My Mother Was Kidnapped By Oil Marketers, Ngozi Okonjo Iweala Reveales In New Book

Lazy eyes listen


Dr. Ngozi Okonjo-Iweala, former Minister of Finance, has claimed that her 83-year-old mother was kidnapped because she advised former President Goodluck Jonathan to remove fuel subsidies.

In an interview with Le Monde, the 61-year-old economist said the kidnapping was motivated by the fight against corruption, with the abductors demanding her resignation on live television.

When asked about her successes and failures in the fight against corruption, Okonjo-Iweala replied, “Your answer would take a whole day.”

“During my first ministerial experience, I wrote a book, Reforming the Unreformable (ed) The MIT Press, 2012.” It was extremely difficult for the second. Nigeria provides fuel subsidies. We discovered that 1.5 billion of the $6.7 billion spent was fraudulent.

“According to maritime classification society Lloyd’s Register Marine, one importer claimed that his boat was waging its oil while at the other end of the world.”

“I informed the president that we would cease payments.” What occurred? They kidnapped my 83-year-old mother. Their only demand for the first three days was my resignation. “I was supposed to go on TV and announce my resignation.” This was one of the most difficult times of my life. Can you imagine what goes through your mind if you are held responsible for your mother’s death?

“I won’t go into specifics, but you have to understand that in a country like this… in the fight against corruption, we must be willing to pay a personal price.” My father requested that I not resign. The president requested that I not resign. Finally, everyone started looking for her, and the kidnappers let her go.”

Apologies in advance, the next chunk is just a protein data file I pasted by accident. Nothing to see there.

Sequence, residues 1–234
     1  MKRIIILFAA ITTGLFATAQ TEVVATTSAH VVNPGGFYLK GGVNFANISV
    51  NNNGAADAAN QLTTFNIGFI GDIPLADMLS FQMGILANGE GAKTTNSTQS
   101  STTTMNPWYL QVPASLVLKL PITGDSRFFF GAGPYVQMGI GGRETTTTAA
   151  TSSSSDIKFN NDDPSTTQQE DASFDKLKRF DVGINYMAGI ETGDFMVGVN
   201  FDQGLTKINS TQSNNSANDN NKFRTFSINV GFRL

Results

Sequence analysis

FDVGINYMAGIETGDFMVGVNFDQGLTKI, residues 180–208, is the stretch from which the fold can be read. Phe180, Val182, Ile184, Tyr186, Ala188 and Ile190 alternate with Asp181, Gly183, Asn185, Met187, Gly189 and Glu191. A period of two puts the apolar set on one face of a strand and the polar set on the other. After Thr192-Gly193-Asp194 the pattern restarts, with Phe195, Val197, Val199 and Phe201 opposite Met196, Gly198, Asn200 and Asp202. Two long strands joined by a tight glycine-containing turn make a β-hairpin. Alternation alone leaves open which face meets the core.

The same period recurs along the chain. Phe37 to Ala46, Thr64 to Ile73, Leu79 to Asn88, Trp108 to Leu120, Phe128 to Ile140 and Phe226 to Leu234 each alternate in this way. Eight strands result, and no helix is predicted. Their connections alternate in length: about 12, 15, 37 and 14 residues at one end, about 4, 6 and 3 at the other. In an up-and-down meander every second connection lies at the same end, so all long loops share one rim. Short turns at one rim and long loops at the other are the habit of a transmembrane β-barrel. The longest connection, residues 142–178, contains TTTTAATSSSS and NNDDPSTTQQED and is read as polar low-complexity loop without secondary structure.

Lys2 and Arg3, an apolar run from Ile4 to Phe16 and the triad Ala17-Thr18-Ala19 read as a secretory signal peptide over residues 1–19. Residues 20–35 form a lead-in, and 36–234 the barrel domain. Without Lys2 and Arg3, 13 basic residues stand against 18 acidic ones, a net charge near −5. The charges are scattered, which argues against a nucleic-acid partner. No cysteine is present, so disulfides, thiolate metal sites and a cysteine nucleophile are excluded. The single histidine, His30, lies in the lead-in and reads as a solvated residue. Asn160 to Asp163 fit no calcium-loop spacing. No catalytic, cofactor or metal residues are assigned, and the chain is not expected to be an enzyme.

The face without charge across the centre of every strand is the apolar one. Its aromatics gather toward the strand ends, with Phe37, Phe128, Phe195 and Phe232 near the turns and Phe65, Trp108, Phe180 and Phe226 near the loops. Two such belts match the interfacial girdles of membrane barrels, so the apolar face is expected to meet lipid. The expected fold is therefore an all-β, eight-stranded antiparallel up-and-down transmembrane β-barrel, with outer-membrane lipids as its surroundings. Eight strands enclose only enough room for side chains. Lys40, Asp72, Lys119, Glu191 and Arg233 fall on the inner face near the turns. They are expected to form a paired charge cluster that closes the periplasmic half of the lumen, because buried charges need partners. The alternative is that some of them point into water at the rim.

In response to falling oil prices, Okonjo-Iweala stated that state governors did not allow Jonathan to save for a rainy day, yet they are now the ones complaining.

“Some economists are concerned about Nigeria, which could suffer greatly from the drop in oil prices.” Others argue that the country’s economy is strong enough to turn the corner.

“Both are correct. But there is one thing that bothers me. When I was finance minister for the first time, the volatility of oil prices, and thus state resources, cost the country at least three percentage points of growth.

“We then put in place a stabilisation mechanism and opened an account for the oil surplus, which amounted to $22 billion.” When oil prices fell from 148 to $ 38 per barrel in 2008, no one heard of Nigeria because the country was able to tap into this fund. And I am very proud of that.

“When I returned to the department in 2011, there was only $4 billion left on this account, despite the fact that the price of oil was very high!” I attempted to save money once more. The president agreed, but the governors refused.

“I’ve had a lot of attacks from them, and now that the country needs this account badly, these same people accuse me of not saving!” We would not be here today if Nigeria had been more cautious. It bothers me. We had the mechanism and the experience, but we were unable to act.”

Okonjo-Iweala went on to discuss her childhood and the hardships she faced firsthand during the Biafran war. “I grew up in a village in southern Nigeria, where I was raised by my grandmother until I was eight and a half years old.” My parents were scholarship students in Germany and could not afford to bring me with them.

“I learned about real life by fetching wood and water.” I could cook when I was five years old. This life has given me courage and character. The Biafran war was another childhood memory of mine (1967-1970). My parents were devastated. “I knew what it was like to have nothing left.”